H. K. Porter Company, Inc. v. Central Vermont Railway, Inc.

PETITIONER: H. K. Porter Company, Inc.
RESPONDENT: Central Vermont Railway, Inc.
LOCATION: Mapp's Residence

DOCKET NO.: 257
DECIDED BY: Warren Court (1958-1962)
LOWER COURT:

CITATION: 366 US 272 (1961)
ARGUED: Apr 20, 1961
DECIDED: May 22, 1961

Facts of the case

Question

Media for H. K. Porter Company, Inc. v. Central Vermont Railway, Inc.

Audio Transcription for Oral Argument - April 20, 1961 (Part 1) in H. K. Porter Company, Inc. v. Central Vermont Railway, Inc.

Audio Transcription for Oral Argument - April 20, 1961 (Part 2) in H. K. Porter Company, Inc. v. Central Vermont Railway, Inc.

Richard A. Solomon:

-- Chief Justice, members of the Court.

Before the recess, I had outlined the facts of this case.

Now, these facts are not disputed and upon the basis of these facts, the Commission made a determination which is also not disputed and that is that there was in fact undue preference to the -- people in official territory and in fact undue prejudice to the people in southern territory.

This conclusion led to an order directing them to do away with the undue discrimination and this has been attacked solely on the grounds of jurisdiction, the jurisdictional issues of course being whether the Commission had any jurisdiction in this situation since both -- both of the rates were international rates.

Now, briefly, on the jurisdictional question with respect to why we don't believe the unreasonableness part of this case is properly before the Court.

The Commission's decision discusses the unreasonableness of the rate and its report, starting on page 61 and ending on page 79, reaches the conclusion that the rate was unreasonable and also that it would form the basis of a reparations order.

But if you look at the order of the Commission on page 81 of the record, you will see that this order is directed solely to the question of ordering the carriers to do away with the prejudicial rate structure.

There is no order directing the establishment of any reasonable rate.

There is no reparations order.

This is not unusual.

What the Commission did was, as far as the reasonableness and reparations point, it issued a preliminary determination here and said, “Filed necessary information pursuing to Rule 1.101 and subsequently, will get around to making reparations order.”

Therefore, the only final action of the Commission which was before the District Court was the action of the Court on page 81 directing these carriers to end the prejudicial rate structure.

The reasonableness was not before the Court and as a matter of fact, if a final reparations order had been issued, it still couldn't have come before this Court because it's established by United States against I.C.C. and other cases cited in our brief that final reparations orders do not go to a three-judge District Courts of the type that we had below here, they go to single-judge District Courts.

In other words, to the extent that the District Court, the three-judge District Court here, purported to discuss to -- and find improper the Commission's reasonableness finding, they were without jurisdiction because there was no final order on the subject and because there -- that Court would not have jurisdiction if there had been a final order.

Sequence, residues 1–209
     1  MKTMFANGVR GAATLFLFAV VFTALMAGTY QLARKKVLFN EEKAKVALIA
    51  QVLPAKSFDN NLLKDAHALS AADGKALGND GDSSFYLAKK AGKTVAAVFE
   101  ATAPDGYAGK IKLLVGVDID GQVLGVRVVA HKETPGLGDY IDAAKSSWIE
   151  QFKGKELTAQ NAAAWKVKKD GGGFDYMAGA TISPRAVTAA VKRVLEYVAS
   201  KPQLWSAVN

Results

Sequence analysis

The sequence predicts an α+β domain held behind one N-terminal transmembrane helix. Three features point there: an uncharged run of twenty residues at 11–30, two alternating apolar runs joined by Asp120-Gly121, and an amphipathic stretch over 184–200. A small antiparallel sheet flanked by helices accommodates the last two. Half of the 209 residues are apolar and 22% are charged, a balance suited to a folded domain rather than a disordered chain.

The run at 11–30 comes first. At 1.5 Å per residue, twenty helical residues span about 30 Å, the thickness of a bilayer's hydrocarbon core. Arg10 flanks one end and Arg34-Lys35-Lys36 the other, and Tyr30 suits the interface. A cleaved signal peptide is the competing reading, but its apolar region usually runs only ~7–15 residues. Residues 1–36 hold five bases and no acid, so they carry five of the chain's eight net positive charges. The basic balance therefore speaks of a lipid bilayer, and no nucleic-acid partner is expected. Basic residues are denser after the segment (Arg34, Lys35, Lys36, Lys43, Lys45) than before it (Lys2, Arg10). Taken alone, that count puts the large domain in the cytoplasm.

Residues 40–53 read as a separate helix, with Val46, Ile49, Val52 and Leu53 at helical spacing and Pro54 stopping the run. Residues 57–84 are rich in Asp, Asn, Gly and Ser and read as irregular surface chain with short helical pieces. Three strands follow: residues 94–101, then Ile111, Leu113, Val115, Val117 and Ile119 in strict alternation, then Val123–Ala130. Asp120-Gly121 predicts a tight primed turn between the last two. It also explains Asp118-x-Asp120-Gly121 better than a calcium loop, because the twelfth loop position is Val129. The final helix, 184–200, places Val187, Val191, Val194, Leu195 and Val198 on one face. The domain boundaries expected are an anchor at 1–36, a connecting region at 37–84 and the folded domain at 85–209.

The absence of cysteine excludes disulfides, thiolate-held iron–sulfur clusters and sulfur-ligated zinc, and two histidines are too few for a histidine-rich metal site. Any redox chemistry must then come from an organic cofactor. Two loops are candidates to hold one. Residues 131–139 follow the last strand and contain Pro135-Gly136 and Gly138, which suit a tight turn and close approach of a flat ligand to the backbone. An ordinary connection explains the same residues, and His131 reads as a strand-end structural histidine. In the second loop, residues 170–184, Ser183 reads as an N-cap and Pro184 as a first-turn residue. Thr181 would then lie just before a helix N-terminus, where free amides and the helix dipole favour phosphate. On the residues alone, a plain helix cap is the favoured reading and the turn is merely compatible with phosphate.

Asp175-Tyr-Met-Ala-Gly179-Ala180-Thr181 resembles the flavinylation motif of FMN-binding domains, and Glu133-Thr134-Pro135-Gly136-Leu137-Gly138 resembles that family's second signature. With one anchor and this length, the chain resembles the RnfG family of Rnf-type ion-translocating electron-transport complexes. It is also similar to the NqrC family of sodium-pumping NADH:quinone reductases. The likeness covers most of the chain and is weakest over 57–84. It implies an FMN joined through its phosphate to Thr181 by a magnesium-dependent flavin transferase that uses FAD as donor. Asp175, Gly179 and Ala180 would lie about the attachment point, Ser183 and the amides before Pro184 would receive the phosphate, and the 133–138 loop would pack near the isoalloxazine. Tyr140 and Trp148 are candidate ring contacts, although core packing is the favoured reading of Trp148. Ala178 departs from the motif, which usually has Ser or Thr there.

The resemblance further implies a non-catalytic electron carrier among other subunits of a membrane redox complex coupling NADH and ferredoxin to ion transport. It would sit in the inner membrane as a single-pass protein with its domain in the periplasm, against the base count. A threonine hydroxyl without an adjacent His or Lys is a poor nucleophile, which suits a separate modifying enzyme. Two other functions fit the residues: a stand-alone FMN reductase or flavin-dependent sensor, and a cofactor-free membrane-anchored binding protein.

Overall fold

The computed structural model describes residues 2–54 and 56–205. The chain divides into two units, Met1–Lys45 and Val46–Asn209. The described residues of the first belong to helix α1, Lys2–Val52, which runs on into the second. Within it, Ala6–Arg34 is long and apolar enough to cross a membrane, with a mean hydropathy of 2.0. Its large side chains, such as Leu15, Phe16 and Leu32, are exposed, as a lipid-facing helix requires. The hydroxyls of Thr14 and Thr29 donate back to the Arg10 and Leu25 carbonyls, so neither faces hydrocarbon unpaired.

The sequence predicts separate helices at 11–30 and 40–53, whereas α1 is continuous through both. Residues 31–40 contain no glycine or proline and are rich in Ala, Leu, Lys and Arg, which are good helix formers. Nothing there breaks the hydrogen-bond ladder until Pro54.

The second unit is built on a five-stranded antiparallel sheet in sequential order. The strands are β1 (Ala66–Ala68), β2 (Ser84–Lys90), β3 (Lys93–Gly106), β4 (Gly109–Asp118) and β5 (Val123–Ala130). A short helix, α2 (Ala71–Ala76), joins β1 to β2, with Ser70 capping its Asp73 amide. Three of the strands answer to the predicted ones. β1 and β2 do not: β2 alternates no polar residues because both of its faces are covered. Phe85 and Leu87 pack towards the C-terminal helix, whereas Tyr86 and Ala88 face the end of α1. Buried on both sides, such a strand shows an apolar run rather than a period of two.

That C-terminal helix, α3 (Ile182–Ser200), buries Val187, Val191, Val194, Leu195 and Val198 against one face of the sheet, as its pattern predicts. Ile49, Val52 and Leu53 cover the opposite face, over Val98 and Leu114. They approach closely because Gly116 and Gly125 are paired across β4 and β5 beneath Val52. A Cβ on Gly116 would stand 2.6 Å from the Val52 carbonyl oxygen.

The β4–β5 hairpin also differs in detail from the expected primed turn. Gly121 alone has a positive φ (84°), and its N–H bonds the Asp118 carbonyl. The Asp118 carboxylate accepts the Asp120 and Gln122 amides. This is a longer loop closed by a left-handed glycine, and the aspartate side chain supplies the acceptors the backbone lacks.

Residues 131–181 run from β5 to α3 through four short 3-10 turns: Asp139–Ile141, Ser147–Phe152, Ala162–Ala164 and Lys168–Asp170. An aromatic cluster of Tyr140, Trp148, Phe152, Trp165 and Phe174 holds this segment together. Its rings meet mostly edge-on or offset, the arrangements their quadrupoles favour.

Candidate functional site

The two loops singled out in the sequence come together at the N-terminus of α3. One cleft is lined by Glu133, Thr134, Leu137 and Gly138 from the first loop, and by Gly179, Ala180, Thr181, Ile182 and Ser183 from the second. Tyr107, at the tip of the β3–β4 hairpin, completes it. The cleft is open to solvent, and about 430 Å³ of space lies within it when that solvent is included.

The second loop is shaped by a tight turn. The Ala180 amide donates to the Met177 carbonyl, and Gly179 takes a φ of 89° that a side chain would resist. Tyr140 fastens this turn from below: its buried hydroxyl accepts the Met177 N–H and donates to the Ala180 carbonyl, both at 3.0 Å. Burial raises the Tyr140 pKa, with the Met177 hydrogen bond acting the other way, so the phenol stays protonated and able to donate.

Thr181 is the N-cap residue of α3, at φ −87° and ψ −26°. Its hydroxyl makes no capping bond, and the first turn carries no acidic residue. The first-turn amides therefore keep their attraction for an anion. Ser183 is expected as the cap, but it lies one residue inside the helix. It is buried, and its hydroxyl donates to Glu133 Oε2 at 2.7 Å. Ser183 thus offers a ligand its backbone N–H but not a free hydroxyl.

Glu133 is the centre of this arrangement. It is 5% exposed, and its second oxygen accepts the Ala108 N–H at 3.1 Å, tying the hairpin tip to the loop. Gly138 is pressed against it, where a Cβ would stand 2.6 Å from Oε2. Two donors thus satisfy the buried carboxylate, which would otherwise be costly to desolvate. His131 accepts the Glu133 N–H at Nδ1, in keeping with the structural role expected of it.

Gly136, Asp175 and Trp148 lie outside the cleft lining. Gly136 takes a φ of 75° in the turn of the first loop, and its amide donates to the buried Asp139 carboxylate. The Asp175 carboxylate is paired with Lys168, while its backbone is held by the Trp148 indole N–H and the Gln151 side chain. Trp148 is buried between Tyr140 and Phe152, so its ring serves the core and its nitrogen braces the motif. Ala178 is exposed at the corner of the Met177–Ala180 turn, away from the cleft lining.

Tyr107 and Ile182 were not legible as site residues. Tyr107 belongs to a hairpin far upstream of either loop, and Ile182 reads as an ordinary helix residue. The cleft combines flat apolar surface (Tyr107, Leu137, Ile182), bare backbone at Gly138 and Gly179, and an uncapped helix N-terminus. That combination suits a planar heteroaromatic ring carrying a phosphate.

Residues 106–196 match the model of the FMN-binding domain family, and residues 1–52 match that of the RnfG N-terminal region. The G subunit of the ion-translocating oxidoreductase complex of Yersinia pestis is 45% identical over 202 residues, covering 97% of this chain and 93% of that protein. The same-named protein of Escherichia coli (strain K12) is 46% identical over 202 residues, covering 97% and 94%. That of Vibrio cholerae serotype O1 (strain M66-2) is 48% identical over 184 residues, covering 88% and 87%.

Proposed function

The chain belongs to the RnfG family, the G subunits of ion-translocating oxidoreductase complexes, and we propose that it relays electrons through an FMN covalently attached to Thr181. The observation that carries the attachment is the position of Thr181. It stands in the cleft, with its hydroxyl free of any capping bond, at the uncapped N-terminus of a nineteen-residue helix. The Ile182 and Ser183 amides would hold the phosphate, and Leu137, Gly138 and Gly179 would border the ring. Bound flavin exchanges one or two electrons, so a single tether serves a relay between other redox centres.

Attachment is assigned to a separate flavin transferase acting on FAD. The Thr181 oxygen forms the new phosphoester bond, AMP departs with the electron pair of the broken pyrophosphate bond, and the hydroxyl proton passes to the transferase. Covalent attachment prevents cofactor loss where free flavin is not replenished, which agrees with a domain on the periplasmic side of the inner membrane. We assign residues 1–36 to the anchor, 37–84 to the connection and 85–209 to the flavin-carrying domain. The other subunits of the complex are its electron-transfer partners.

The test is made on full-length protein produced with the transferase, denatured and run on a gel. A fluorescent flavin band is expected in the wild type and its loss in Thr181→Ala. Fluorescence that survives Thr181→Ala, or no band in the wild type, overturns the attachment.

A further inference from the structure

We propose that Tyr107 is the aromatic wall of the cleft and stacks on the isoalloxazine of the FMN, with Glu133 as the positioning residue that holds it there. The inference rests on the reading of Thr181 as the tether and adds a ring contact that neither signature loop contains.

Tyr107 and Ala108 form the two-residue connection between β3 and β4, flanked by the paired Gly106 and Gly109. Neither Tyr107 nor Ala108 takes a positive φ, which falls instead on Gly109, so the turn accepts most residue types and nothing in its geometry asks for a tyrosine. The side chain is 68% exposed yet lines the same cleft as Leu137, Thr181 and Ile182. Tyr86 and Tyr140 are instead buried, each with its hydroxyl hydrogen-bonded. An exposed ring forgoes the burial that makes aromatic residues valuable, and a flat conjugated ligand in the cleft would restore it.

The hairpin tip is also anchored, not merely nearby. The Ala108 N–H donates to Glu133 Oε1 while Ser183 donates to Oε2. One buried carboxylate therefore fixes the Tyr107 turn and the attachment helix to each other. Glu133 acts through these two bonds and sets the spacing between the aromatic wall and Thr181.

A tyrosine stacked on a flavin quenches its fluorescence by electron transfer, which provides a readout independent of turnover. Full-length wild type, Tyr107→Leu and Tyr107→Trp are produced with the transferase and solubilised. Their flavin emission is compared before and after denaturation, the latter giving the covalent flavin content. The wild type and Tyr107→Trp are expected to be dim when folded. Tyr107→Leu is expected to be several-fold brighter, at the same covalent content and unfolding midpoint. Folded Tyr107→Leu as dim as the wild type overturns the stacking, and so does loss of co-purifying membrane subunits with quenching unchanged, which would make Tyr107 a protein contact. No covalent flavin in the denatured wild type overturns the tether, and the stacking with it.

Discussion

John M. Harlan II:

(Inaudible)

Richard A. Solomon:

The order of the Commission, Your Honor, directs them to eliminate the prejudicial rate.

This Court has held in the Texas and Pacific case as you're aware that where a Commission order of that nature is issued, there must be an alternative available to the railroads.

There is such an alternative here.

This order doesn't say which they should take, but they may eliminate this discrepancy in one of two manners.

They can withdraw their concurrence to the joint rates now in existence to official territory which would mean they would file reasonable and non-discriminatory domestic rates from the border to official territory points and eliminate the discrepancy in that way or if they don't choose to do that and this is their option, they can undo the discrimination by lowering their domestic rates now in effect from the border to southern territory.

But they have under this Commission order and this is made perfectly clear in the supplemental opinion that the Commission issued later on, they have this option of eliminating this discrepancy in either way they wish.

John M. Harlan II:

(Inaudible) see that factual situation now to all states.

Richard A. Solomon:

Oh yes, that's right.

Now, if as we suggest you vacate the order on reasonableness, that order of the District Court would not exist.

Presumably what would happen would be that the Commission, while on the proper filings, would issue a reparations order and if the carriers didn't choose to comply with it under the ordinary procedures, the shippers would sue and then that issue would be before the Court in a proper manner.

Now, let me get to the merits of my jurisdictional argument with respect to the undue prejudice business.

The problem here, to the extent there's a problem, comes from the fact that the Interstate Commerce Act, and I suggest primarily is a matter of constitutional requirements, provides that the I.C.C. does have authority over international railroad transportation but only has authority, “but only insofar if such transportation takes place within the Unites States.”

In other words, it has authority over international railroad transportation insofar as it takes place within the United States.

Now, there have been a series of decisions in this Court of which you will hear more of later.

The News Syndicate case at volume 273, the Lewis-Simas-Jones case at volume 283, the Great Northern versus Sullivan case at volume 294 in which this Court has passed upon what is the authority of the Commission to determine and hold liable American carriers for the unreasonableness of an international rate.